Despite uniform strong expression in rod photoreceptors across the injected area, only about 60% of cone photoreceptors expressed GFP. This appears to be a greater proportion of cones than previously recorded in a study using an AAV2 vector expressing GFP under the CMV promoter [22]. In that study, only 5% to 10% of cones were transduced, compared to a high percentage of rods. Although we did not attempt to investigate whether there was a difference in GFP expression between L/M, and S cones, it is of interest that an S-cone promoter that had been successfully used in the rat [23] failed to transduce S-cone photoreceptors in the dog [24]. The proportion of S-cones in the dogs is between 9% and 18% [25]. Thus, it seems unlikely that a lack of expression in S-cones alone accounts for the cones in our study that did not express GFP. Clearly further vector and promoter development is required to optimize the targeting of cones in the dog.

Some inner retinal neurons were found to express GFP in this study, although AAV2/5 has not been reported to target inner retinal cells efficiently [26]. In addition, expression in some Müller cells was seen. Access of the vector to inner retinal cells may have been from the subretinal space or it is possible that there was some reflux of viral particles through the retinotomy site into the vitreous allowing access from the vitreal surface. A previous study delivering AAV2-GFP by subretinal injection in dogs reported ganglion cell expression of GFP. It was thought that the vector reached the ganglion cells due to reflux into the vitreous through the retinotomy site [22]. We found a few examples of transduced horizontal cells, whereas bipolar cells were not transduced.

This study showed that scAAV2/5-GFP delivered by subretinal injection in the dog results in funduscopically detectable GFP protein levels much more rapidly than achieved with an ssAAV2/5 construct. Thus scAAV vectors show promise for the treatment of rapid onset retinal dystrophies where speed of transgene expression may be critical. The stronger level of expression achieved with the scAAV vector may also mean that lower titers of scAAV compared to ssAAV achieve the same level of transgene expression perhaps reducing the risk of adverse effects due to immune responses to the vector itself. Unfortunately, the relatively limited packaging capacity of AAV vectors (typically stated to be 4.7 kb) will limit the size of transgene that can be packaged in a self-complementary manner. However, a recent report suggested that AAV5 capsids could be efficiently packaged with up to 8.9 kb of transgene [27].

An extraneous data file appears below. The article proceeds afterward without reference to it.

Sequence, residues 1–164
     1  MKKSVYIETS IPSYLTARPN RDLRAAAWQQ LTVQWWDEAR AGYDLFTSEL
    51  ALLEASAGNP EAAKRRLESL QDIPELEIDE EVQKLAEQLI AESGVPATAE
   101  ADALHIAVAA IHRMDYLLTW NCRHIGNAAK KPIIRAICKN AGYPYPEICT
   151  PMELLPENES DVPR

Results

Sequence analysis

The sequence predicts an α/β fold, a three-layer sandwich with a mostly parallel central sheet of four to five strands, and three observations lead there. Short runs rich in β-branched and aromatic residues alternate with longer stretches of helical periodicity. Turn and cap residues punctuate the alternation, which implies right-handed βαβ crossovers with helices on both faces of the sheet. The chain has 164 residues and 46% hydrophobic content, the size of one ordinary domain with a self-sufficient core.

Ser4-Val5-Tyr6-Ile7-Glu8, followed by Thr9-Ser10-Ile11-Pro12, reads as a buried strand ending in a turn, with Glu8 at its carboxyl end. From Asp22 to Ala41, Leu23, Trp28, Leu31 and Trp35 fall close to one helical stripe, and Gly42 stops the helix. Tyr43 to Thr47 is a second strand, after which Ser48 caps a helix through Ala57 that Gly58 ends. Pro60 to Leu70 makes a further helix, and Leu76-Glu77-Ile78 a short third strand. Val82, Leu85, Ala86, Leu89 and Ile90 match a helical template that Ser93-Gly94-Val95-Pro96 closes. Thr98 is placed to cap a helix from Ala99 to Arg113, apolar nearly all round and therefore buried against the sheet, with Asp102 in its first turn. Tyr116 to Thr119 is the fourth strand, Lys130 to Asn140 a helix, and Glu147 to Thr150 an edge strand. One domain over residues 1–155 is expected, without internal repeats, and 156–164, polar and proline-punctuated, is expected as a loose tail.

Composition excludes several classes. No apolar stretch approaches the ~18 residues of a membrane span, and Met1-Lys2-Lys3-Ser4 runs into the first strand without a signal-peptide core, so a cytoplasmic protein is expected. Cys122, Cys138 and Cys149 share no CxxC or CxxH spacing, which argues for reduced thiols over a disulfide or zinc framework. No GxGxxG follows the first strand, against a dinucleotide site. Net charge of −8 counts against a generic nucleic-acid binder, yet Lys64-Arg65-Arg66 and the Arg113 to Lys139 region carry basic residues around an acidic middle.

This study was funded by the following: National Eye Institute Grant EY14160 (S.P-J.), Michigan State University College of Veterinary Medicine Companion Animal Fund and Purebred Dog Endowment Fund, Hal and Jean Glassen Foundation, National Eye Institute Grants EY13729, EY11123, NS36302, EY08571 (W.W.H.), grants from the Macular Vision Research Foundation, Foundation Fighting Blindness, Juvenile Diabetes Research Foundation, Hope for Vision and Research to Prevent Blindness, Inc., National Eye Institute Grant EY016043 (A.J.F.). Confocal microscopy was performed at the Hunt-Curtis Imaging Facility at the Ohio State University. We thank Dr. C. Craft for kindly providing antibodies. We also thank Dr. Cheri Johnson, Dr. Bryden Stanley, Janice Forcier, and Lisa Allen for help with the dog colony. W.W.H. and the University of Florida have a financial interest in the use of AAV therapies, and own equity in a company (AGTC, Inc.) that might, in the future, commercialize some aspects of this work.